Wrong way to do it. Great prescription for failure! 

Some churches use whoever shows up in whatever area they want to do something. However, by doing so, a leader or minister may be inviting trouble into their own organization. Notice that Moses chose men with certain characteristics to help him lead Israel to the Promised Land, i.e. competent, God fearing, and hating covetousness.7 Also, the Apostles in the First Church at Jerusalem chose men who had good reputations, full of the Holy Spirit and had wisdom to be deacons.8 Wayne Cordeiro said, “Don’t wait for volunteers to somehow magically appear uniformed and ready for duty. Challenge men and women you think would fit.”9 Thus it would seem that it is the leader’s responsibility to define certain guidelines for choosing the people for the various positions within their church or ministry.  

  1. Allow helps people to put their own agendas and programs in place. 

God is no respecter of persons—shouldn’t the helps people have as much to say about how to run the church or ministry as the leaders do? After all, since they have the same Holy Spirit as the leader does, wouldn’t they always know what to do?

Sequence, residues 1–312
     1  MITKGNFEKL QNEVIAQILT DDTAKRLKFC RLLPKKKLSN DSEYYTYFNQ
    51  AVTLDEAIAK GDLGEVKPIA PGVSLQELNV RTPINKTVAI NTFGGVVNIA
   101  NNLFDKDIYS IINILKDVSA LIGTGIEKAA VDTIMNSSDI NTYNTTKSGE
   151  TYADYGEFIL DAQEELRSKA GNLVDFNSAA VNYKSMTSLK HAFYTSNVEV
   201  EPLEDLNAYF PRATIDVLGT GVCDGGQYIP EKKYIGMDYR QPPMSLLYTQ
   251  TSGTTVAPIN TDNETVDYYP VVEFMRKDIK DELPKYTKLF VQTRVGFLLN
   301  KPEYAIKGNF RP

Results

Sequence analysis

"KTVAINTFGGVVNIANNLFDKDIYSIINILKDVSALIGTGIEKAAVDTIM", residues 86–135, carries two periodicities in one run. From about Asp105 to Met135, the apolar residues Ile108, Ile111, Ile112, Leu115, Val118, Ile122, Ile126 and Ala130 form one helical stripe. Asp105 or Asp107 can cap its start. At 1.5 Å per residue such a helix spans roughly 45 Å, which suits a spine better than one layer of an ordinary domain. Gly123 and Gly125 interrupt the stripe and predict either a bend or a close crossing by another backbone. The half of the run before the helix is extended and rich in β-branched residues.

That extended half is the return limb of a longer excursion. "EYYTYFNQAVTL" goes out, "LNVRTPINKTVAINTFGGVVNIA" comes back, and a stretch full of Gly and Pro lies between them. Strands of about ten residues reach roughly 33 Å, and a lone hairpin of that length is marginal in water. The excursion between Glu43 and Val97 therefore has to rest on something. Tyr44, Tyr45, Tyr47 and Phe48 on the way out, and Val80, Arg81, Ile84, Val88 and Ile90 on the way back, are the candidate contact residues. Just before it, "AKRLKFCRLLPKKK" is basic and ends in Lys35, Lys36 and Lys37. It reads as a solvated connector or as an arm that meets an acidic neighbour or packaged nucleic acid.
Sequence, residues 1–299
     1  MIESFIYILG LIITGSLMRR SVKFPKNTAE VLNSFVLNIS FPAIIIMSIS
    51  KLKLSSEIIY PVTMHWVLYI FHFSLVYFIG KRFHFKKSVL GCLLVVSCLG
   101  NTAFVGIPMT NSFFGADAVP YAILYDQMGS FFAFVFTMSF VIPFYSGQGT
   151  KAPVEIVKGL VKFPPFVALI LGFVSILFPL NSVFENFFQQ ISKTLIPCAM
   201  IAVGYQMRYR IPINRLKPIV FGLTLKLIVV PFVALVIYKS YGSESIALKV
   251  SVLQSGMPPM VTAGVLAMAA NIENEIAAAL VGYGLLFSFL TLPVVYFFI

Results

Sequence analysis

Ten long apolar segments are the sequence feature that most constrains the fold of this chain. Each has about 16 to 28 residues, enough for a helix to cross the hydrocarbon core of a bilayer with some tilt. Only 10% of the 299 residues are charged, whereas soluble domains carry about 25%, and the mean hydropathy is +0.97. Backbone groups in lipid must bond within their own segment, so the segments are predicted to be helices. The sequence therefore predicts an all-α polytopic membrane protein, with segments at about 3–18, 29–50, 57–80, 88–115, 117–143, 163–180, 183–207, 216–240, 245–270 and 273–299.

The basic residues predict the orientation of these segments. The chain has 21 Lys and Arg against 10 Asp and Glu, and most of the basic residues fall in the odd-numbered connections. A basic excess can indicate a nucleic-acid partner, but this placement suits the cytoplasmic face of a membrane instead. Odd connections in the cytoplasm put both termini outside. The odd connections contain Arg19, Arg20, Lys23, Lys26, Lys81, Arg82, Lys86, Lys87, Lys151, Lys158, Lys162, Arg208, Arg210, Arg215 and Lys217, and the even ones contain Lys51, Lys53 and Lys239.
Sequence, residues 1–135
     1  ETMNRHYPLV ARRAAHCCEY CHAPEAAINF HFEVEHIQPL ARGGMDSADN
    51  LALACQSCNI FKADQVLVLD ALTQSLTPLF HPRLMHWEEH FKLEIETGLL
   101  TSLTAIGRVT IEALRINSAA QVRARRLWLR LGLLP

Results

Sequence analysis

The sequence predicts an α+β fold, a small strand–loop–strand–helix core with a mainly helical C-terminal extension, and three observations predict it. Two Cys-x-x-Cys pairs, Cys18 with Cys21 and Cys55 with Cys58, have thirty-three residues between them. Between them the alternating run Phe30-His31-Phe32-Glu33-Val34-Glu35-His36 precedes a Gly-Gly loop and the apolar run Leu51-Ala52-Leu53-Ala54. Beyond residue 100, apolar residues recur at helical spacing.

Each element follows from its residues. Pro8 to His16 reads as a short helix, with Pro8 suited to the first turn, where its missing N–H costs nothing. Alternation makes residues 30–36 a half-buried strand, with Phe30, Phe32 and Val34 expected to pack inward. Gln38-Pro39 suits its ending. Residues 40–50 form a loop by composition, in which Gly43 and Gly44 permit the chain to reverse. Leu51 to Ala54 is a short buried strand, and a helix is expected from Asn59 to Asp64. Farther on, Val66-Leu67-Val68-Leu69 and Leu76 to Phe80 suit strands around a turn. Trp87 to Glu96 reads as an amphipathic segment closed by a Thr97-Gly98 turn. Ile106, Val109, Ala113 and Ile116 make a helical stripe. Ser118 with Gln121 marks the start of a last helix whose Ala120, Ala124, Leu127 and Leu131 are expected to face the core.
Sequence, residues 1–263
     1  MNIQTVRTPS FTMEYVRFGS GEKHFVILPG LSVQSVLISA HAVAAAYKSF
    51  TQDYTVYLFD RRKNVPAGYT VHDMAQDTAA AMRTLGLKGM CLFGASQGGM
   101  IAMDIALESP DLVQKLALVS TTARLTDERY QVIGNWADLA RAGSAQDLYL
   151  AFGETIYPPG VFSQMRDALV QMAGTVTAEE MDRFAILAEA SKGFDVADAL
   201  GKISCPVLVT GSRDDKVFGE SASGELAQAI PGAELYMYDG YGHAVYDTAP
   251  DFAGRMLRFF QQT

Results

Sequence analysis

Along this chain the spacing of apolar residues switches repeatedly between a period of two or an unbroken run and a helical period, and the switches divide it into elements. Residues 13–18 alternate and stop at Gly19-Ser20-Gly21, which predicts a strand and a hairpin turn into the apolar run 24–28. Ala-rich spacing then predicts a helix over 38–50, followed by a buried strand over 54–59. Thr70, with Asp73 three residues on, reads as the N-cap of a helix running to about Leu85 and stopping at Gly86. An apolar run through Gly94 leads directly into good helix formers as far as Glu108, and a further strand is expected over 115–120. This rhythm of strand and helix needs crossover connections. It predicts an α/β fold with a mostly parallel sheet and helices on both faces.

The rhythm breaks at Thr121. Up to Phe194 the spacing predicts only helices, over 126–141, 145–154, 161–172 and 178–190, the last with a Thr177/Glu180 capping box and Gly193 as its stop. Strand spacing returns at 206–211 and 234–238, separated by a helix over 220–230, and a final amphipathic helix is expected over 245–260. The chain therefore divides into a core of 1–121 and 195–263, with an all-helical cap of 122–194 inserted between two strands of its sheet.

Wrong again. Perfect recipe for chaos! 

In every organization someone has to be the leader. In churches and ministries, part of a leader’s job is to use the wisdom and knowledge God has given him to set agendas (or define the vision) and outline programs within their ministries. Don Shula said, “”A river without banks is a large puddle.”10 There is no direction or progress in the organization without defining the way to go. This does not mean that leaders are not receptive to ideas and suggestions from their helps people for new programs but they should all fit within the framework of the agenda set by the leader. 

  1. Never check up or demand accountability of helps people. 

Regular communication with the helps ministry is to be avoided at all costs . . . right? Shouldn’t a leader expect his staff and volunteers know what they want done by osmosis or a word of knowledge from the Holy Spirit? As Christians, surely they will always do the right things, won’t they?